Designing For Death
| October 23, 2013
Dutch landscape designer Piet Oudolf designs for all seasons, embracing winter ‘garden death’ with enthusiasm usually reserved for spring and summer. No drab dead winter perennials for Piet. No dead-heading and cutting back. He celebrates the beauty of a dying seed head just as much as their flowering forms.
Piet Oudolf’s designs are characterised by self- seeding, mass planted drifts of structured grasses and perennials. Unconventionally, plants are chosen for their structure and texture when devoid of colour. Seed heads of grasses are a favourite autumn and winter feature. The effect is all naturalistic meadow and nobody embraces seasonality quite like him.
If you make a four-season garden you have to accept decay and see the beauty of it. It’s about the texture and shape, the seed heads and the skeletons. So instead of using the scissors you use your eyes. Piet Oudolf
Piet Oudolf is the living embodiment of the ‘New Perennials’ landscape movement – or at least was deemed so by The Royal Institute of British Architecture Journal. And they should know, having awarded him an Honorary Fellowship.
The New Perennials philosophy, which drove design thinking in 1838-1935, was rooted in a reverence for ‘wild nature’. Since the early eighties, Oudolf has deftly put his own stamp on this movement by introducing colour into the equation. He is a trained architect, a nurseryman and garden designer, and has the skill of an impressionistic artist in the way he uses rhythmic drifts of colour and textural combos. His gardens must be exquisite in the wind – enough to make you sway. As the May 17, 2013 issue Architectural Digest article wrote; ‘Mother Nature may make meadows, but Piet Oudolf perfects them!’
It has taken more than three decades of experimenting, refining and mastering his palette of plants which both live and die well. Oudolf’s definition of a gracefully departing plant seems to be distinctive seed heads and a great skeleton. Oh, to die as beautifully as an Oudolf garden!
As a garden designer, I have drooled over images of the master of the afterlife’s work and questioned the antipodean relevance of his designs and methods. What about our lack of extreme seasonality in coastal areas, our limited southern hemisphere perennial selections, and the relevance of the meadow in an urban environment? Still I persist, determined and itching to embrace his relaxed aesthetic.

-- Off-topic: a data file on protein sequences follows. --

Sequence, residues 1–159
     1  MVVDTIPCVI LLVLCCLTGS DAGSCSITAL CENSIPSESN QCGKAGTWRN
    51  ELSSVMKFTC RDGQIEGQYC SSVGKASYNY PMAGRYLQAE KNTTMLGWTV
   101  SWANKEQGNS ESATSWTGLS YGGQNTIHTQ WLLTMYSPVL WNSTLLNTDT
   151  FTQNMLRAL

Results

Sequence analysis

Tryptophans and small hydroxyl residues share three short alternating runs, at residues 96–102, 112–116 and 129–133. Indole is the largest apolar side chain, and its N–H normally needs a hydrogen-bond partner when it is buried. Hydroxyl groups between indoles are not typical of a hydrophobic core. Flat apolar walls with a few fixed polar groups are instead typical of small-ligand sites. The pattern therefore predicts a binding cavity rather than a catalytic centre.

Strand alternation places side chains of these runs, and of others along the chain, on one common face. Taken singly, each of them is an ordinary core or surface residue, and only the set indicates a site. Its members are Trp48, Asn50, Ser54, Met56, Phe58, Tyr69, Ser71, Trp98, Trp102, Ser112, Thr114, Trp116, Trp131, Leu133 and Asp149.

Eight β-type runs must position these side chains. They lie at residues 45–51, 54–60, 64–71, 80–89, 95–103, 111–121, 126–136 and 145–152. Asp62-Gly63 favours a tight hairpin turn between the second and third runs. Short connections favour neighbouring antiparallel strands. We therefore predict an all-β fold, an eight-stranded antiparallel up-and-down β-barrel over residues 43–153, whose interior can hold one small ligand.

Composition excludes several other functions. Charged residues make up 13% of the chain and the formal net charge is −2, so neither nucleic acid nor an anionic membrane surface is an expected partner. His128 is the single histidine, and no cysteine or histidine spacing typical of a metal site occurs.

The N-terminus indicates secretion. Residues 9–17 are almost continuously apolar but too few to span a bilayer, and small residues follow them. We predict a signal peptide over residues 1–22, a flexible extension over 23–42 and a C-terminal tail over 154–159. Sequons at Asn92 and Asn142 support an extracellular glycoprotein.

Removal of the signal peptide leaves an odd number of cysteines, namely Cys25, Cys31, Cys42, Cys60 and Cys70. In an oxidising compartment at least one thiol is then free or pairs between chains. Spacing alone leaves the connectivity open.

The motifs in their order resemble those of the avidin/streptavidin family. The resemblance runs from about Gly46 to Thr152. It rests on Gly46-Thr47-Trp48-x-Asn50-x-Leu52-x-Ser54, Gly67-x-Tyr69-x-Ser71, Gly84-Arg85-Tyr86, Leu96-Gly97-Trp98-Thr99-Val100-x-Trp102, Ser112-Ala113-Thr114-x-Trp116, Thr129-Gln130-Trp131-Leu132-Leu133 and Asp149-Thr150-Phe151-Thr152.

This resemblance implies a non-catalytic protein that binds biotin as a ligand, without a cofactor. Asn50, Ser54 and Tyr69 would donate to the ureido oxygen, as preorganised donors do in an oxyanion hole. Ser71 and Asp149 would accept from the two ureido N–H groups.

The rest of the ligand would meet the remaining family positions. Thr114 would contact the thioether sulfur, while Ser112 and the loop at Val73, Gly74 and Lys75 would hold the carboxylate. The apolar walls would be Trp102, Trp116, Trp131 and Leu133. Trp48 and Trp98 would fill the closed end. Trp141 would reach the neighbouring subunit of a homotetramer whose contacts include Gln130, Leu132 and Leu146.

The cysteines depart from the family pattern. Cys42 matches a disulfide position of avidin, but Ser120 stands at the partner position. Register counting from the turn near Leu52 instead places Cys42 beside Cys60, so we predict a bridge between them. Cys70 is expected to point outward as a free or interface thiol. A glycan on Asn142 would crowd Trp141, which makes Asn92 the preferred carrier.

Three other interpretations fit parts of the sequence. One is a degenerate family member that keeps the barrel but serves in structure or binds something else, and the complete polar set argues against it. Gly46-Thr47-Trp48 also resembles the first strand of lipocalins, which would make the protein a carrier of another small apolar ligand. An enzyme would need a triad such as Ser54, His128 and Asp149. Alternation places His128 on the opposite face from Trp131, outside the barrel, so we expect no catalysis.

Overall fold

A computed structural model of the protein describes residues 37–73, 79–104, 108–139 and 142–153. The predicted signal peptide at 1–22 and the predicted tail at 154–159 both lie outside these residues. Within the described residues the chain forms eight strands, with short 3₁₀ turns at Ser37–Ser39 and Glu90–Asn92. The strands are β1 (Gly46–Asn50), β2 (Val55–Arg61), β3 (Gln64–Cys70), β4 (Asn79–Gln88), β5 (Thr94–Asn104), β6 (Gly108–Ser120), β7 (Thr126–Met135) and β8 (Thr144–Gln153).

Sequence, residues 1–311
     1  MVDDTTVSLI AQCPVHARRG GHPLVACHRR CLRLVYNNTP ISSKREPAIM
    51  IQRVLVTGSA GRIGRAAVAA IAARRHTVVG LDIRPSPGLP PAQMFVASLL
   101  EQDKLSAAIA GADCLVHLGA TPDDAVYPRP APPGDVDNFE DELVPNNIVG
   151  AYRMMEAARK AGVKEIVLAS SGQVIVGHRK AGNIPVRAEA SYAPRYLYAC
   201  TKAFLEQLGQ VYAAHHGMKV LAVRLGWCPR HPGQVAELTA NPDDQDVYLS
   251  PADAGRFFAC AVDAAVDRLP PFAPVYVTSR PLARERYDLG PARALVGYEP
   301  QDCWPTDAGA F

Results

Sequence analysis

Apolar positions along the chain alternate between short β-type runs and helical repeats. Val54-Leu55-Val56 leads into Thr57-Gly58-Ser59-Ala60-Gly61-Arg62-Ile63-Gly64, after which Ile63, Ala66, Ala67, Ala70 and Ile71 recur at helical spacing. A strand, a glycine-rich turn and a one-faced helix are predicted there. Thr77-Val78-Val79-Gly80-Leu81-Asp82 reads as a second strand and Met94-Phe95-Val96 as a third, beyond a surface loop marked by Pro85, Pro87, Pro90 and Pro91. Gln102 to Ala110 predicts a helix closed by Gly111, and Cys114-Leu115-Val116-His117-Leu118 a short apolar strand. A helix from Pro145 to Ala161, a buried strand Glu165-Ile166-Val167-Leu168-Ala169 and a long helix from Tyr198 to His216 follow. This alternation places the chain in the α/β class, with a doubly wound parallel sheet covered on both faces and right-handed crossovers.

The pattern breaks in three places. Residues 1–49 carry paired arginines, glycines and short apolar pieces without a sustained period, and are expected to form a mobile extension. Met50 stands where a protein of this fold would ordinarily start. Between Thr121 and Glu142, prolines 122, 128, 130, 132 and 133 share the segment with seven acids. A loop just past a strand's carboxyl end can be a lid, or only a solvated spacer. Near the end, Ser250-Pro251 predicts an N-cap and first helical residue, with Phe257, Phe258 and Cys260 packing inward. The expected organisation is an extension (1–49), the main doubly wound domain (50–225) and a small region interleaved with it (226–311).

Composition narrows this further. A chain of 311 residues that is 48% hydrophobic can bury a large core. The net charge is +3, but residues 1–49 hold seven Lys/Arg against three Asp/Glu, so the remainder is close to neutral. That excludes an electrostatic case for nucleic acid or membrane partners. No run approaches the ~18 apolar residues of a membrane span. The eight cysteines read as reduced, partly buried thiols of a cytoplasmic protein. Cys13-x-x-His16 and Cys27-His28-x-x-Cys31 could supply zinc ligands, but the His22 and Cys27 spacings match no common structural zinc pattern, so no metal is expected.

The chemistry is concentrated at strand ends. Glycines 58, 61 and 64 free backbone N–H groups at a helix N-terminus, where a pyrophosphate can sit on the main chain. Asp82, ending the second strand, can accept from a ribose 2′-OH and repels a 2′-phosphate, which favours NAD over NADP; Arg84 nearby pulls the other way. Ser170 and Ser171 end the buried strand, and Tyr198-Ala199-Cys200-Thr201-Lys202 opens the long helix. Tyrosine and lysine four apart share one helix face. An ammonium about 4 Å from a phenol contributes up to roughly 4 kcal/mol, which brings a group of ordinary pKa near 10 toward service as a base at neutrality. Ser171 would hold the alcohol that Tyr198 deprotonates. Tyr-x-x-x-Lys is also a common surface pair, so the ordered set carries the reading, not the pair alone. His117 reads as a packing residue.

Having grown up in a climate defined by four discrete seasons and now living in temperate Sydney, there are times I have yearned to swap seasonal continuum and balmy air for a crisp cracking jack frost, seasonal distinction and the beauty of a frozen seed head.
Whilst a frozen seed head in Sydney is highly unlikely, I’ve discovered seasonal change a-la Piet is achievable. There are many examples of plants that shine in autumn and winter with showy seed heads and swaying rhythms, if only they were planned for in the first place and left alone to hold their heads high!
I’ve explored the plant palette too. And it’s true – our perennial diet is limited compared to our northern friends (that’s another topic completely!). However, many perennials and grasses do traverse cool to temperate climes, and work beautifully with some of our own indigenous species. Those that work best are not rampant seeders and rooters (one of Oudolf’s key criteria – necessary to maintain the design integrity).
Here is my favourite (and non-exhaustive list): Achillea, Agonis flexuosa, Anigozanthos, Dietes, Echinacea, Echinops, Euphorbia, Gaura, Helianthus, Lavandula dentata, Lomandra, Miscanthus, Poa, Pennisetum, Phormium tenax, Salvia, and my favourite Sedums.
What about the meadow? Does it have a place in an urban environment where space is limited and outdoor living so essential. Why not? How about an Oudolf inspired courtyard with not a paver in sight?! Instead, imagine the space intensely planted with swathes of seasonally changing textures and colours, incorporating seating, a crushed granite floor and a habitat for our birds and bees.
From seedling to seedhead – Piet Oudolf’s naturalistic aesthetic suits our relaxed lifestyle after all! But oh for the luxury of space to create a meadow of frosty skeletons!